As I mentioned before, transitions are difficult for my son, Garrett, who was born with Smith-Magenis Syndrome. We have had the most issues transitioning from home to school and back again. Although I found a solution for getting on the school bus quite quickly and easily (see that blog post here), I have not been so lucky finding a trick to him get home again.
The argument could be made that I’m just not as exciting, attentive or pretty as his bus driver (all true). However; I think by the time Garrett reaches the end of the school day, he has used up all the energy he had keeping his SMS behaviors in check. There is nothing left to give. He is ready to let his SMS flag fly and that typically occurs in our driveway.
In front of God and my nosy neighbor.
And every classmate in high school.
Because we live right across the road from the school building.
The first tactic I used lasted a couple years which is a good run in SMS time. Because I had such luck using a raffle ticket left over from our PRISMS (Parents and Researchers Interested in Smith-Magenis Syndrome) fundraiser, I thought I could use the prizes as well.
Our fundraiser was a “SMS Friendly Family Carnival.” SMS friendly meant no clowns, balloons, music or any other trigger that upsets Garrett at the fair and other places we cannot take him. I bought simple games like ring toss, bean bag toss and a duck pond where SMS kids could play for as long as they liked.
They received raffle tickets that could be cashed in for prizes. I bought the prizes through Oriental Trading. It’s really cheap and you can get a lot of bang for a buck.
For Garrett, it’s all about the “getting.” It would be better for him to receive a bunch of penny prizes than one large prize that he might actually use. After the carnival, I had a lot of left over beaded necklaces, tattoos, stickers, BB mazes and pencils. I took the box our checks had been mailed in and wrote “Garrett’s Box” across the front.
I did not tell Garrett about the box on the first day. Six or seven hours of anticipation would have caused the greatest of meltdowns. When the school bus returned home, I was waiting across the road. Garrett had to cross the road to get back into our driveway and I could not trust him to walk on his own. I was careful not to talk to the bus driver, or even make eye contact.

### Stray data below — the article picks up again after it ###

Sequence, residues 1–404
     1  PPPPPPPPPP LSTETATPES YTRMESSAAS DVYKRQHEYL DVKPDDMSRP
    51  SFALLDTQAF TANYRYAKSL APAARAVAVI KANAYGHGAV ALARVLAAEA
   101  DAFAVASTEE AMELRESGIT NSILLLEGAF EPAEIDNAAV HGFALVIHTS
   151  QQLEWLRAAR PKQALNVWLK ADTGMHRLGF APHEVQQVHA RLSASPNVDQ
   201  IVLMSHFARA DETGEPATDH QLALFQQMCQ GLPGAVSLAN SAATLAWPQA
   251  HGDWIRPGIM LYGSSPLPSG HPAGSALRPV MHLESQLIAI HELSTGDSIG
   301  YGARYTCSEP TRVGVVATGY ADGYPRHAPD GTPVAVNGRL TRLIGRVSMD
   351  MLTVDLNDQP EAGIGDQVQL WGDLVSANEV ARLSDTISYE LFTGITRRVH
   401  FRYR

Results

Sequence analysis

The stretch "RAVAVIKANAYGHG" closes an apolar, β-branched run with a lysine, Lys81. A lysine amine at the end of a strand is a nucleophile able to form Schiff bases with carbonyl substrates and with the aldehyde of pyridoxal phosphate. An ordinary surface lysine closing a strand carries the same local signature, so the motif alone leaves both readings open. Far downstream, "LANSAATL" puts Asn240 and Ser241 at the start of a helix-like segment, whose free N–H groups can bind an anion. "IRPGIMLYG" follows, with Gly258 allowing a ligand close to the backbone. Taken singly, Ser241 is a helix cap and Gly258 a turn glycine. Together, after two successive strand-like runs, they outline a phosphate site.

Garrett told the driver goodbye. He saw me standing the bottom of the steps. He turned back around to the driver and started to cry.
“Garrett, I have a surprise for you.” I shook the box. That day’s prize was a beaded necklace. I knew it would make noise.
“Surprise?” Garrett looked at me.
“Goodbye, Jenny!” He didn’t give her a second thought and came down the steps into my loving arms.
Okay, it wasn’t quite that beautiful. But there were no tears, snot, blood or body fluids of any kind. Life doesn’t get any better than that.
He tried to take the box.
“You can open it inside.” That has been the one consistent rule of getting off the bus. The "prize" has changed over the years, but it is always received inside the house. And Garrett gets the prize no matter what because it is not a reward for good behavior. And the prize is not held when there is bad behavior. It is just what he does when he gets home, like the way I always hang my car keys on the hook inside our house. (Except when I don’t and then I can’t find them.) It is so that there is a constant....
Even if I’m not there to get him off the bus.
Even if we have company.
Even if we don’t have company.
Even if his brother is still at school.
Even if his brother stayed home sick.
Even if all the even ifs have failed, Garrett always opened the box. There was predictability to his routine every day. Usually, he did not even keep the “prize”. I would put the tattoo or pencil back in my hidden bag and use it again another day.
Until he no longer cared what I had in the box.
And that’s why this is only Part I.